2018 has been off to a crazy start. The market moves so fast, we understand it’s sometimes difficult to discern all of the breaking news that occurs on any given day. We’re committed to helping you navigate it, focusing on updates that really matter and filtering out the noise. Here’s a brief update on the good, the bad, and the ugly of the current market dynamics.
Market Update: Bitcoin has been ranging within a downtrend recently, but it has recovered 50% from lows set in early February. Given Bitcoin’s dominance, the total cryptocurrency market capitalization dropped from $441B to $269B at the end of the period. The downward pressure can be attributed to several catalysts. A rumored ban on South Korea trading caused a sharp drop in price. On the institutional investment front, valuation and volatility concerns have limited inflows of capital and trading volume.
Despite these tangential challenges, the network remains strong, as hash rate and difficulty continue to increase month over month. SegWit adoption continues to slowly increase, providing a scaling solution that lowers transaction speeds, increases throughput, and lowers transaction costs. OTC markets have seen increasing demand, with multiple Billion dollar buys open at month-end. As such, we remain cautious in the short-term and bullish in the medium to long-term as fundamentals continue to improve, additional clarity is gained on the regulatory front, and we see the return of institutional capital.
Despite the regulatory uncertainty over the past few months, cases like Wyoming have offered a shining example of how to implement thoughtful regulation that includes the nuances that this technology deserves.
For the first time, the annual 2018 Joint Economic Report discusses blockchain technology and cryptocurrency at length, recommending the public becomes familiar with the topics. The report’s authors recommend that lawmakers work with developers and businesses to deploy new technologies while ensuring compliance with relevant regulations.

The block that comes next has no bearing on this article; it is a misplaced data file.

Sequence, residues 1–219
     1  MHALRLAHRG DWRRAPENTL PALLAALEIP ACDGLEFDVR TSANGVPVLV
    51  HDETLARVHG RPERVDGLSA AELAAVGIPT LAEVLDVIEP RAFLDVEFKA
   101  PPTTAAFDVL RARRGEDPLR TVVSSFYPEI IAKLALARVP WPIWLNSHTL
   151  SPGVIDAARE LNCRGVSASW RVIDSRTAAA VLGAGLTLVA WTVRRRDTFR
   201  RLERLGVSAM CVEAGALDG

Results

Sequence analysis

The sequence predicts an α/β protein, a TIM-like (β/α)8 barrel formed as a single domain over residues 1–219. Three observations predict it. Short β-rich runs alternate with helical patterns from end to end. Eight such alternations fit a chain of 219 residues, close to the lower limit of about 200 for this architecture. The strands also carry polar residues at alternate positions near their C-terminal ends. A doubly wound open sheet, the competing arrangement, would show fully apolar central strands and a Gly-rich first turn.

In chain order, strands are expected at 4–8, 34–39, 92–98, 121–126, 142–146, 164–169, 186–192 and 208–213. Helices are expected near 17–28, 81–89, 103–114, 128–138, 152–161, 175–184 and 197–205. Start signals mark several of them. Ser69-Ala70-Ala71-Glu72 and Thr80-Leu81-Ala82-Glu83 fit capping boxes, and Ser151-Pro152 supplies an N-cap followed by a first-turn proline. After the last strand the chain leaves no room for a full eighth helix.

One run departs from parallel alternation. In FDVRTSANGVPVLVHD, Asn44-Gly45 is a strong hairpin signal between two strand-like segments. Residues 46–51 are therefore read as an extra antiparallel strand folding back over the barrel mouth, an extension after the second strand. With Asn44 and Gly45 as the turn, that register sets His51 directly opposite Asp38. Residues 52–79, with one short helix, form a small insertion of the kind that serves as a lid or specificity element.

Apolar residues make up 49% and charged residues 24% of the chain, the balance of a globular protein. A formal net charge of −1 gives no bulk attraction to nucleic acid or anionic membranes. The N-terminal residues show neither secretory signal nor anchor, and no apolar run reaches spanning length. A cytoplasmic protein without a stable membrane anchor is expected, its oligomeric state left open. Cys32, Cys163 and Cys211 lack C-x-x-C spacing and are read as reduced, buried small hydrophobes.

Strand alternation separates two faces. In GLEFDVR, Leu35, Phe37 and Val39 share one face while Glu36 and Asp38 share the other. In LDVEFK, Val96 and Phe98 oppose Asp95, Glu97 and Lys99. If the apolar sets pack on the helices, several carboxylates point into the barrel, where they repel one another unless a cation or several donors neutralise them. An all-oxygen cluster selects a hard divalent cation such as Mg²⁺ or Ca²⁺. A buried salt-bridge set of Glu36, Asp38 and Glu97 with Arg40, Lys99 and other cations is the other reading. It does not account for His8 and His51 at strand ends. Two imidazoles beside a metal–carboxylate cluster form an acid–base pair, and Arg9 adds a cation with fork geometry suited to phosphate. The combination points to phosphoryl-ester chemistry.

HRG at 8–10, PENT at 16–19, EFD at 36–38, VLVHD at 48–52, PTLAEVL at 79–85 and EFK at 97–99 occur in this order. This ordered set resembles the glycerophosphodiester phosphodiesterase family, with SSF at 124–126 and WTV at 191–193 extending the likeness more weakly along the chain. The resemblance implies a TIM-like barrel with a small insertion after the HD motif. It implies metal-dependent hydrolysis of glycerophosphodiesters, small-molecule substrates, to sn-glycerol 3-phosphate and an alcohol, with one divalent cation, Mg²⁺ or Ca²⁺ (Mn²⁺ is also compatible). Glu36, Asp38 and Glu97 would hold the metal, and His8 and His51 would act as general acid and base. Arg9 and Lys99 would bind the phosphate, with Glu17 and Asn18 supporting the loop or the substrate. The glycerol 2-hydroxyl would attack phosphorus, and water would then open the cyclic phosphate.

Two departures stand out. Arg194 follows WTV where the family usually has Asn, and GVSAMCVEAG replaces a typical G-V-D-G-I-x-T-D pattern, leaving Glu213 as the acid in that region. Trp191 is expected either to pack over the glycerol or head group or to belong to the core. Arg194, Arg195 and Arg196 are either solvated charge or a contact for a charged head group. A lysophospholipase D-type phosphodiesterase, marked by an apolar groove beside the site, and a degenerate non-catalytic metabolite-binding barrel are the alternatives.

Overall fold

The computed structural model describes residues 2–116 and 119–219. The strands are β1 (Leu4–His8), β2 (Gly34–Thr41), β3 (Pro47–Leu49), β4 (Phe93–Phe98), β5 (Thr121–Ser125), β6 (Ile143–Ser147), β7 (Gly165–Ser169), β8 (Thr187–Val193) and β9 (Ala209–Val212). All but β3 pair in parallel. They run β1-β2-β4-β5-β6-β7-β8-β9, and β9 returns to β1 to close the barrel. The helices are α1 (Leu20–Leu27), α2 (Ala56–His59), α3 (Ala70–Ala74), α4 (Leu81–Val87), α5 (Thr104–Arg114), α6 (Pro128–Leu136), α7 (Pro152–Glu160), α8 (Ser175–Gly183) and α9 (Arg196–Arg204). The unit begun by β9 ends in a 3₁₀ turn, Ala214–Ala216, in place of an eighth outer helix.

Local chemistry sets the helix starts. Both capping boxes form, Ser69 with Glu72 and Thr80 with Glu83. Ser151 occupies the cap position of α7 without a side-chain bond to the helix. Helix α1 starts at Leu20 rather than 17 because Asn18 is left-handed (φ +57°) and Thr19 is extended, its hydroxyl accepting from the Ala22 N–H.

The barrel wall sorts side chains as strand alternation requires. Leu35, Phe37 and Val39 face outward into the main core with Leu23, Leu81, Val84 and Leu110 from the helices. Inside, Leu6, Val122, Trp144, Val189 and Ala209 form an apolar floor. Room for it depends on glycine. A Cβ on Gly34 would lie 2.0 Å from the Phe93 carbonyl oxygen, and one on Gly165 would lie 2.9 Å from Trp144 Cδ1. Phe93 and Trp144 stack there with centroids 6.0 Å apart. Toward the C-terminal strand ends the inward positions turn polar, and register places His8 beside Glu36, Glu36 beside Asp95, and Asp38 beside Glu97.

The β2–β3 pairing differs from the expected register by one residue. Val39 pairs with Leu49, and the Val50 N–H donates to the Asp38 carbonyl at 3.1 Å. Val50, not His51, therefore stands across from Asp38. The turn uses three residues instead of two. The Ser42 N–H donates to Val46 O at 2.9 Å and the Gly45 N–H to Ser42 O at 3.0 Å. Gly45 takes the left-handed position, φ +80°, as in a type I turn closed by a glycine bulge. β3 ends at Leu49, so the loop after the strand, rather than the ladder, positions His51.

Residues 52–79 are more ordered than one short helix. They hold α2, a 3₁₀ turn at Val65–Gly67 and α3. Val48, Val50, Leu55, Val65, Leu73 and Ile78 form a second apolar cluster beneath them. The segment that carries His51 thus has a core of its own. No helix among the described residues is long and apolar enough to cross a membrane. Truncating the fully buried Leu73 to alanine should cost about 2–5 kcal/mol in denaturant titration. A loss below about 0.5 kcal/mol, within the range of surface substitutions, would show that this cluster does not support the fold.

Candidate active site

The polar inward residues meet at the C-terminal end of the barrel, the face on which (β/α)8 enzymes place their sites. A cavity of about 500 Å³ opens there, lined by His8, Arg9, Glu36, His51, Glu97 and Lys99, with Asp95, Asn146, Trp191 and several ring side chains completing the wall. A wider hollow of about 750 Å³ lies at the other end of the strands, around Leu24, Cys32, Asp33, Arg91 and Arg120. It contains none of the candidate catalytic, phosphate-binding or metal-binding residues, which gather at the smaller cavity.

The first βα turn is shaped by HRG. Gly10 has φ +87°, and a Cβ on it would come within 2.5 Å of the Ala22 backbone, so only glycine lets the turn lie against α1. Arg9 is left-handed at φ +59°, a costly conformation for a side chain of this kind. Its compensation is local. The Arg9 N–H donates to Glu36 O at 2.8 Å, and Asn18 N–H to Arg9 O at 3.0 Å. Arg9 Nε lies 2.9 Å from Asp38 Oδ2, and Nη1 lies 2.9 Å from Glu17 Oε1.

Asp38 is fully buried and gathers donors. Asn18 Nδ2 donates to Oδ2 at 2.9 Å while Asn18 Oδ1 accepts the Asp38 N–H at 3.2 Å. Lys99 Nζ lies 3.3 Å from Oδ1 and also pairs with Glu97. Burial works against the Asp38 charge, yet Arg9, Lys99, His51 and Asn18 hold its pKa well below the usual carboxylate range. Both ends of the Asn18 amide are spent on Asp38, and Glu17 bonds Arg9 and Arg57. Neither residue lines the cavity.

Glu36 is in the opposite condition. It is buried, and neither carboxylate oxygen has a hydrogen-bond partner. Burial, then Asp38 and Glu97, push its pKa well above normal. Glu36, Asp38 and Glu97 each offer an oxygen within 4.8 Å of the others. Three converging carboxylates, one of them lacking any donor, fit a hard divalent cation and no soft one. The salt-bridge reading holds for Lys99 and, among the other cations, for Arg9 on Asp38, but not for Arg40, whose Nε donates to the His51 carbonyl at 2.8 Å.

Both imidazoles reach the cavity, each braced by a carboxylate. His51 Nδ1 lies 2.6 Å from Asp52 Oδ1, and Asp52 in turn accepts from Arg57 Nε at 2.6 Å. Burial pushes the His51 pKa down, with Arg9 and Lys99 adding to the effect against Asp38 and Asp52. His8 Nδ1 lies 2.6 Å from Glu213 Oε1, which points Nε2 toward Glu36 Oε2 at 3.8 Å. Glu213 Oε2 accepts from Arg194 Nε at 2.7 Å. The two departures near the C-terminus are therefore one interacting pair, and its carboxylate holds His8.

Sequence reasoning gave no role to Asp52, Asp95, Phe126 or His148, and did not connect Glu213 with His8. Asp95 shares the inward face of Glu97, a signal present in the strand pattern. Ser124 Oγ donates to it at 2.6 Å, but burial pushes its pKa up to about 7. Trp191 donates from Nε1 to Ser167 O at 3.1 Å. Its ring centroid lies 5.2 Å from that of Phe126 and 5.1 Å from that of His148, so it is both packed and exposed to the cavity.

The regulation of cryptocurrency was among the main topics discussed at the G20 meeting in late March. While no regulation materialized from the meeting, the outcome was positive, as member countries appear more likely to take a measured approach to regulating the industry.
With the recent market correction, cryptocurrency-related reports to foreign and domestic consumer protection agencies has risen substantially. The lack of clear regulation, particularly for digital asset exchanges, has complicated the issue. These issues highlight the need for legislation that protects consumers while providing developers and businesses the flexibility to operate.
Alongside significant fluctuations in price, there has been a rise in class action lawsuits filed against blockchain-related companies. While the have been several high-profile lawsuits, the opportunity to establish precedent in these cases provides incremental regulatory clarity moving forward.
On March 26, Litecoin Foundation, the sponsor organization behind Litecoin, announced that LitePay was ceasing operations. LitePay had delayed its launch of a Litecoin-based debit card and merchant payment processing, and its lack of transparency led to Litecoin Foundation withholding funding. This development highlights the importance of product-level due diligence with high-profile projects.